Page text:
The Canadian dollar plunged to the lowest level in three years after the inflation rate remained below the central bank’s target band for a second month.
The currency erased losses versus its U.S. peer as investors bet faster-than-forecast economic expansion in the U.S., Canada’s largest trade partner, will also boost growth north of the border. Canada’s legal tender fell for the fourth time in five weeks after the U.S. Federal Reserve said Dec. 18 it would begin cutting bond-buying next month. Bank of Canada Governor Stephen Poloz cited low inflation risks in dropping his bank’s bias to raise interest rates earlier this year.
“What you’re seeing is how resilient the Canadian dollar has been,” Brad Schruder, director of foreign exchange at Bank of Montreal, said by phone from Toronto. “This market was already very short the Canadian dollar and market participants are realizing that the Fed decision to begin tapering is reflective of the strength of the U.S. economy, and that will have a spillover effect on Canada.” A short position is a bet an asset will decline in value.
The loonie, as the Canadian dollar is known for the image of the aquatic bird on the C$1 coin, gained 0.3 percent to C$1.0635 per U.S. dollar at 5 p.m. in Toronto after touching C$1.0738, the lowest since May 2010. It fell 0.5 percent this week. One loonie buys 94.03 U.S. cents.
Futures of crude oil added 0.4 percent to $99.14 per barrel in New York after touching $99.40, the highest since Oct. 22. The discount Canadian oil producers face for their crude compared to U.S. benchmarks narrowed to $23.50, the smallest since Aug. 16, according to data compiled by Bloomberg.
Canada’s benchmark 10-year government bond rose, with yields falling three basis points, or 0.03 percentage point, to 2.67 percent. The 1.5 percent security maturing in June 2023 added 25 cents to C$90.30.
The extra interest available in U.S. government 10-year bonds compared with their Canadian peers, a gauge of longer-term growth expectations, increased to 22 basis points, the biggest U.S. advantage since February 2011.
The cost to insure against further declines in the loonie versus its U.S. peer fell to almost the lowest in more than eight months, with the three-month 25-delta risk-reversal rate dropping to 1.01 percent on a closing basis. On Dec. 11 it closed at 0.99 percent, the lowest since April. The average this year is 1.25 percent.
Risk reversals measure the premium on options contracts to sell Canadian dollars versus buying U.S. contracts that do the opposite.
Canada’s consumer price index rose 0.9 percent in November from a year ago following a 0.7 percent rise the prior month, Statistics Canada said from Ottawa. The core rate, which excludes eight volatile products, slowed to 1.1 percent from the 1.2 percent pace in October. Both numbers trailed Bloomberg economist forecasts, which called for 1 percent total inflation and for core inflation to quicken to a 1.3 percent pace.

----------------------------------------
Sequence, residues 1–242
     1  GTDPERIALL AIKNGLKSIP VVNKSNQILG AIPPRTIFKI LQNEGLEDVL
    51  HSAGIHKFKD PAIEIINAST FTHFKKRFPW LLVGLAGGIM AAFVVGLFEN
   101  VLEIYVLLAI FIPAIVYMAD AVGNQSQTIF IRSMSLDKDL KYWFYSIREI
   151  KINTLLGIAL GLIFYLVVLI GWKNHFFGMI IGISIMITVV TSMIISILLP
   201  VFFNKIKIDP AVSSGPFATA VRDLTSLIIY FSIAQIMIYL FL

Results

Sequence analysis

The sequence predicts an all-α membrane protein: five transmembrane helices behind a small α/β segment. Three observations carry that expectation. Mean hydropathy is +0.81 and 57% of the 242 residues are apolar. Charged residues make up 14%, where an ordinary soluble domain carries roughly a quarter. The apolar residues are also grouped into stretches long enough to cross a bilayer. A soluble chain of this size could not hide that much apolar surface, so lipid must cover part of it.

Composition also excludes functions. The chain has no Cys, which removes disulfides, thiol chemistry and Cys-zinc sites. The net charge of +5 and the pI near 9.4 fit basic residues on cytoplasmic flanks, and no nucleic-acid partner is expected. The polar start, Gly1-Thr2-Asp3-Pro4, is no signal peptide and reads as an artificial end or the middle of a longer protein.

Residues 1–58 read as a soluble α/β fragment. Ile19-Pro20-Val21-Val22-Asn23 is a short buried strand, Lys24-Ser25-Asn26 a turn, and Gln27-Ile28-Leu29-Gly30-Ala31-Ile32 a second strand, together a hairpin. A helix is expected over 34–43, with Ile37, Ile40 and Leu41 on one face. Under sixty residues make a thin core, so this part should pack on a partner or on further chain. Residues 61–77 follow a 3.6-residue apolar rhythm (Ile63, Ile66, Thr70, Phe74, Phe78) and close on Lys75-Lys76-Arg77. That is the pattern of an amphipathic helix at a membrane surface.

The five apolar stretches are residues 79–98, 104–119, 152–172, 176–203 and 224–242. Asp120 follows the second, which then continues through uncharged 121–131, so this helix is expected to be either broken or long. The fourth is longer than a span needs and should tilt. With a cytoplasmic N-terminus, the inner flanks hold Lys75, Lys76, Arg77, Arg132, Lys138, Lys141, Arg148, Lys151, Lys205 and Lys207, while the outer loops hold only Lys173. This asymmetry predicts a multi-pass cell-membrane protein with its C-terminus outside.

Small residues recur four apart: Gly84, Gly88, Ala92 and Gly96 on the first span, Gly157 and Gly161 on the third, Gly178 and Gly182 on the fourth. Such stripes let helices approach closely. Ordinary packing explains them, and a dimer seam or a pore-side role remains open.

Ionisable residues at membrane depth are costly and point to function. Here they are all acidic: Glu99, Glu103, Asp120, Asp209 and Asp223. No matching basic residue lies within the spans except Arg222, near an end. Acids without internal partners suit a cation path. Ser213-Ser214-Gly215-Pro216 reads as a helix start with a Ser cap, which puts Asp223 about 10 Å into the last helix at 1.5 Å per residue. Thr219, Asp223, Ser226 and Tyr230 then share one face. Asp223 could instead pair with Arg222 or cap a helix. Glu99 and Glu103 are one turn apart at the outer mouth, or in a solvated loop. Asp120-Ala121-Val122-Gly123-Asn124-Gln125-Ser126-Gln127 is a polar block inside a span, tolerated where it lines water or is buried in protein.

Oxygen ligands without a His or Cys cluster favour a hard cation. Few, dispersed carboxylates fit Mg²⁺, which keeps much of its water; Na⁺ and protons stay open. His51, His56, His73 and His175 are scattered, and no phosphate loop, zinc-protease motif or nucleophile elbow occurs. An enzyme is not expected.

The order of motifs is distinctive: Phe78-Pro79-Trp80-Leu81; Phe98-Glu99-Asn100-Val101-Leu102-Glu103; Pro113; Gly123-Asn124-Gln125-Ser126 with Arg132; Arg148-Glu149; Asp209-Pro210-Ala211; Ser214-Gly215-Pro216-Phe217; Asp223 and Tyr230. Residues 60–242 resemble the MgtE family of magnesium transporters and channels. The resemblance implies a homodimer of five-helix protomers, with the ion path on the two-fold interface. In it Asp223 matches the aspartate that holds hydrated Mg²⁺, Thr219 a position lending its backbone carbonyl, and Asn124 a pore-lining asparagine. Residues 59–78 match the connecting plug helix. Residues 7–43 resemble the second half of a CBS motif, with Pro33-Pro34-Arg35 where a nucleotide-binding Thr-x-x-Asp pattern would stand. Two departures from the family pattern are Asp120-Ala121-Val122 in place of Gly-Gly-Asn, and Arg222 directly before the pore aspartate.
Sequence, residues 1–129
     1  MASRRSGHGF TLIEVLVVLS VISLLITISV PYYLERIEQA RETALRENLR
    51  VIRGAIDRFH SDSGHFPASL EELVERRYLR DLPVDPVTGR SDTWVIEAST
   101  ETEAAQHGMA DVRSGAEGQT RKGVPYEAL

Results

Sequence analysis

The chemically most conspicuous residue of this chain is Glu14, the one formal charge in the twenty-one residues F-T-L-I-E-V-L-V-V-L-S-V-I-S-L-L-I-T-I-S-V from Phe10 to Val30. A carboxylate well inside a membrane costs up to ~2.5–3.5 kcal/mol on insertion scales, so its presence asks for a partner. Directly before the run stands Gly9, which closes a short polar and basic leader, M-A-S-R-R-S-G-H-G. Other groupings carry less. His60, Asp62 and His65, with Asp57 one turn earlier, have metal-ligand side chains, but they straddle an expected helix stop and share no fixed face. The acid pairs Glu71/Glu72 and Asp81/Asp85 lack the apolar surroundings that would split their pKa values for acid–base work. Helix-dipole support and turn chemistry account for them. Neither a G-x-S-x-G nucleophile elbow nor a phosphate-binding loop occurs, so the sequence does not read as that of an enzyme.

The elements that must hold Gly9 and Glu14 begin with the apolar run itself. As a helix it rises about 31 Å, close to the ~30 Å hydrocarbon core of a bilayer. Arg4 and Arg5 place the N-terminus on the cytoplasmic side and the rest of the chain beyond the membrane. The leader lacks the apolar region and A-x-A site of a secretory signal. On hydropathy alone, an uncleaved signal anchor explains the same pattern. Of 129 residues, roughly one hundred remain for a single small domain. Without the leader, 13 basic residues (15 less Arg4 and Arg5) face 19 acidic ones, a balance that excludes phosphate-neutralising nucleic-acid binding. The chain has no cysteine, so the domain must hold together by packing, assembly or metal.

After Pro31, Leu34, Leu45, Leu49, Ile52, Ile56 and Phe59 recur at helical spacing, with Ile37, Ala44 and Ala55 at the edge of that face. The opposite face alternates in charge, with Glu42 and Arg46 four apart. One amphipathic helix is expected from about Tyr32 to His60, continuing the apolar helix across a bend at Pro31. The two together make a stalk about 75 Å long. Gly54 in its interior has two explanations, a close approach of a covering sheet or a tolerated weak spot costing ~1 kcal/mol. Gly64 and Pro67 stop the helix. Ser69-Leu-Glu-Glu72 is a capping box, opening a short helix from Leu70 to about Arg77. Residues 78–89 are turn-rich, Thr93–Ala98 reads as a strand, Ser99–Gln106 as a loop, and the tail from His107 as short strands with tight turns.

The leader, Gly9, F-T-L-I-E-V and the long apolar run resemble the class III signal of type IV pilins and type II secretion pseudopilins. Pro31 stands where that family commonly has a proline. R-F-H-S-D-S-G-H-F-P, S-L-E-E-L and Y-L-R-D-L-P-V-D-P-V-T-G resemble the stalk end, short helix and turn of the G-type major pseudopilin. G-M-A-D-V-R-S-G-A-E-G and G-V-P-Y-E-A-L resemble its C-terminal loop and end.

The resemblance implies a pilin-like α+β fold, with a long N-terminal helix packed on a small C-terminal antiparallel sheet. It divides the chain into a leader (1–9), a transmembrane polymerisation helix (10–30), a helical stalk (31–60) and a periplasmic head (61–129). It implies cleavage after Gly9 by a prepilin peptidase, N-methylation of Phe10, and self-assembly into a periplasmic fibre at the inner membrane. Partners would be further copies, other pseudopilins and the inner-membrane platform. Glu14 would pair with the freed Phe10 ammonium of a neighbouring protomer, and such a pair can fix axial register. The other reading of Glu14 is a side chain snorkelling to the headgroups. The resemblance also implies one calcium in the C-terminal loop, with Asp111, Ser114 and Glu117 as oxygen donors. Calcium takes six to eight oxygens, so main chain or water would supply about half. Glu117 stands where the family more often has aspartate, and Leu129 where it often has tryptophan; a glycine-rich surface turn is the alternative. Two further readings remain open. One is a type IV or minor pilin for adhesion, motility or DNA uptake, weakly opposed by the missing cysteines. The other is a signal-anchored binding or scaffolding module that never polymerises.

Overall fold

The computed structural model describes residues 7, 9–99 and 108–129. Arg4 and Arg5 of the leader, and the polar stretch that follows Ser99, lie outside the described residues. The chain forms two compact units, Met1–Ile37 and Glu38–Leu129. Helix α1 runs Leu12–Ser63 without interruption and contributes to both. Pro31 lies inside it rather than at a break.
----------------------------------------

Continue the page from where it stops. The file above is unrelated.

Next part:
The central bank’s target band is 1 percent to 3 percent.
Exports and investment have been disappointing and inflation has been “lower than we can explain,” Poloz said in an interview with Bloomberg News on Dec. 17. The Bank of Canada’s forecast is that the economy won’t reach full output until around the end of 2015.
The greenback gained as much as 0.7 percent versus the loonie after U.S. gross domestic product climbed at a 4.1 percent annualized rate, up from a previous estimate of 3.6 percent, Commerce Department figures showed. The median forecast of 72 economists surveyed by Bloomberg projected a 3.6 percent pace after 2.5 percent in the second quarter.
The growth data follow the Fed’s decision this week to cut by $10 billion its $85 billion of monthly bond purchases starting in January, and to taper “in further measured steps at future meetings” if the economy improves as forecast, according to a Federal Open Market Committee statement. It may trim buying by about $10 billion per gathering, Chairman Ben S. Bernanke said.
“It’s a notable weakness in the inflation report and strong U.S. GDP,” Greg T. Moore, a currency strategist at Toronto-Dominion Bank, said by phone from Toronto. “We’ve always expected the U.S. dollar to go higher, but now those moves will be advanced.”
Moore said Canada’s dollar may test C$1.08 “in the next few weeks” and the bank forecasts C$1.11 by year-end 2014, a level last reached in September 2009.
The median estimate of 38 economists in a Bloomberg survey is for the loonie to weaken to C$1.08 per dollar by the end of next year.
The Canadian dollar has fallen 3.6 percent this year against nine developed-nation currencies tracked by the Bloomberg Correlation-Weighted Index, while the U.S. dollar added 4.1 percent. The euro climbed 8.3 percent to lead gainers, and the yen paced decliners with a 15 percent drop.
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